Yesterday we went on an interesting walking tour. A visit to the local amber museum was part of the program. I love amber as well as the next man or woman as the case may be, so I listened to the guide and snapped pictures of amazing jewelry and thoroughly enjoyed the whole event. Until our guide said blithely, “Now we are going down to the basement to see some medieval exhibits”. And I suddenly found myself pressed in the eager crowd of people streaming down those dark narrow winding stairs one habitually encounters in very old buildings. I somehow managed to struggle back up, gasping for air. Luckily an attendant realized that something was amiss and rushed to my side. She quickly opened a side door marked “Authorized Staff Only” and let me outside into a charming little patio. When I caught my breath I discovered that I was not alone, there was a young woman nearby who obviously experienced the same problem as I did, and got the same kind of help. She asked me what was wrong. I told her nothing was wrong with us; we were just claustrophobic. Is it possible to conquer it by an effort of will? No, though one can learn to control it to some extent. I told her that there are some places I cannot visit, for instance when I stared at the dark narrow opening leading to the famous chapel created by Michelangelo in Florence I almost passed out. I have seen all those wonderful statues he created in numerous art books but I know I probably won’t ever see them in real life. The only trick that helps those who cannot stay in enclosed small rooms is to avoid them. By the way I don’t have any fear, I just start feeling very oppressed then faint, and then I may actually pass out. I feel fine in airplanes for any length of time though. Getting to and from an airport or traveling by land or sea is another matter. I start feeling sick though I don’t get actually sick. When I get out of a car or bus I need a few moments to catch my breath; the wooziness passes and I am good to go.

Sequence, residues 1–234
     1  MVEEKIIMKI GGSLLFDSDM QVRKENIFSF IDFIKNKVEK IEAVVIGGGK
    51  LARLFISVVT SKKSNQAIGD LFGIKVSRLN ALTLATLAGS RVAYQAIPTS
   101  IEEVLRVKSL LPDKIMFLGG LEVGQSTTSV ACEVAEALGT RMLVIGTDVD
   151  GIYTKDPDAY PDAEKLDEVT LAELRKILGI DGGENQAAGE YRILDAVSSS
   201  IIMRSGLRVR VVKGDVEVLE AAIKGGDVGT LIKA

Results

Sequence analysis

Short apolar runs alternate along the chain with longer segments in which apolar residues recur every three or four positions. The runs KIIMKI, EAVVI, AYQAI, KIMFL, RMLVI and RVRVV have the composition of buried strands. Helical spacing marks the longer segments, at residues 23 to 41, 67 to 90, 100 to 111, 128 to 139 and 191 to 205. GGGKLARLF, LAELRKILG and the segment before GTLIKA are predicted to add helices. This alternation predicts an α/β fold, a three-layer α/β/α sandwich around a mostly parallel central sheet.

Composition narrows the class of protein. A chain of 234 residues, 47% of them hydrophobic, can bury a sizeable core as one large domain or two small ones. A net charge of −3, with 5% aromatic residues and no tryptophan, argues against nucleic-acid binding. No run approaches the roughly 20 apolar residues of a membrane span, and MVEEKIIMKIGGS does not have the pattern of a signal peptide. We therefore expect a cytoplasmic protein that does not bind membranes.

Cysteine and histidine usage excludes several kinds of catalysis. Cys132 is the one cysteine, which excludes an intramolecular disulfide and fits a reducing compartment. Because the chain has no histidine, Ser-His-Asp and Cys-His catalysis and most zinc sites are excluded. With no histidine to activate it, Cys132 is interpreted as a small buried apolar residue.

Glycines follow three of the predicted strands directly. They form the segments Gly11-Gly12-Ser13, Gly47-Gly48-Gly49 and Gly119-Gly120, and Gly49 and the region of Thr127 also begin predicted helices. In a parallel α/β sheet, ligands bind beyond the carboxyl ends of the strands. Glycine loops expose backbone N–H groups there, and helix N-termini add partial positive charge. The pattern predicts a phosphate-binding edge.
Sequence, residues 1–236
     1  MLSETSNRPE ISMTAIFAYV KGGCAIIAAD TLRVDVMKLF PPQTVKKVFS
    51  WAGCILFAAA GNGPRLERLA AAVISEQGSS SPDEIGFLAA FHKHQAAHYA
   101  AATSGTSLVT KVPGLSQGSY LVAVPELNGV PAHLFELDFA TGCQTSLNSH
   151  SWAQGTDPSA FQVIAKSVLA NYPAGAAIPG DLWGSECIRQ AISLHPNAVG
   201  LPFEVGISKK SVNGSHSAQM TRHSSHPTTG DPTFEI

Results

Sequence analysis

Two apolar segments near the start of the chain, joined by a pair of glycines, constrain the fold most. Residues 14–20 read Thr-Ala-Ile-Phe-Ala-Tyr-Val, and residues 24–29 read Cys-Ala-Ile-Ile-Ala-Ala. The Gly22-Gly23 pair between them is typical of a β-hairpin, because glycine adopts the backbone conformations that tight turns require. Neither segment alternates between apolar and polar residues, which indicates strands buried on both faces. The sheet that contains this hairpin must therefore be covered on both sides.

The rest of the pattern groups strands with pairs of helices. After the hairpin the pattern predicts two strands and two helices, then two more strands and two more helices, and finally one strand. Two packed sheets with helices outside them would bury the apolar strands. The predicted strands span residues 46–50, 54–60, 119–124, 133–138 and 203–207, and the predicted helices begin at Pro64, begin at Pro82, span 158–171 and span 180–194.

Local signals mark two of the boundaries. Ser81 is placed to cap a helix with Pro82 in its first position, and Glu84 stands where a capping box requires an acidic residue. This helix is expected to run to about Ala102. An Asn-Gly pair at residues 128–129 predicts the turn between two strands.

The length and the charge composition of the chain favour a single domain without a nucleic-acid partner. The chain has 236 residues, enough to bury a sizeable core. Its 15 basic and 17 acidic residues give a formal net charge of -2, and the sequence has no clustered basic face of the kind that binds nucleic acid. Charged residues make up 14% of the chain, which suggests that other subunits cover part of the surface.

Naturally such episodes occur when there are people around. Or I practically fall out of a car and witnesses may think I am drunk. “What will the members of our tour group think, what will they say about me?!” e young woman asked anxiously. I assured her that the sensible and kind-hearted ones will say nothing, they may only inquire about our health or ask how we feel. As for those who like to make fun of others, it is their problem. How do we deal with the inevitable aftermath? There is no shame in having a difficulty we cannot control. All of us live with something we don’t want to live with. Including those who like to sneer and jeer at others, I am pretty sure they experience some difficulties too. If anyone says anything derogatory to you, do not deny it, try not get flustered or upset. Give a straight answer whenever possible, it effectively shuts any joker’s mouth. “You were weaving after that ride, did you have too much to drink?” – “No, I get sick on a bus”. What can one really say to that? We are not obliged to tell the truth or to make confessions in front of strangers. “I am allergic to stuff” is a very effective retort to both comments about food (“Why don’t you eat garlic bread, it’s delicious!”) and/or about your clothes or absence of makeup.
Sometimes we may be caught in a cringeworthy situation not of our own making or volition. An old gentleman stretched his hand to me at an event when we were introduced, I extended mine expecting a mild handshake. Rather to my horror he bent down and kissed my hand! I suspect I cringed. I washed my hands immediately afterwards. Now I watch it and quite often simply do not shake hands with any men.
Emma Thompson plays a genius scientist who is also a klutz to perfection in “Junior”. What I love most about her portrayal is her complete unconcern in every embarrassing, cringeworthy episode. She tracks a long strip of toilet paper after her at a meeting, sends her shoe sailing over people’s heads, drops and breaks things, yet she is always cheerful and kind. No, not every researcher is a klutz outside their lab. And one does not have to be a scientist to be a klutz. Let’s just be tolerant.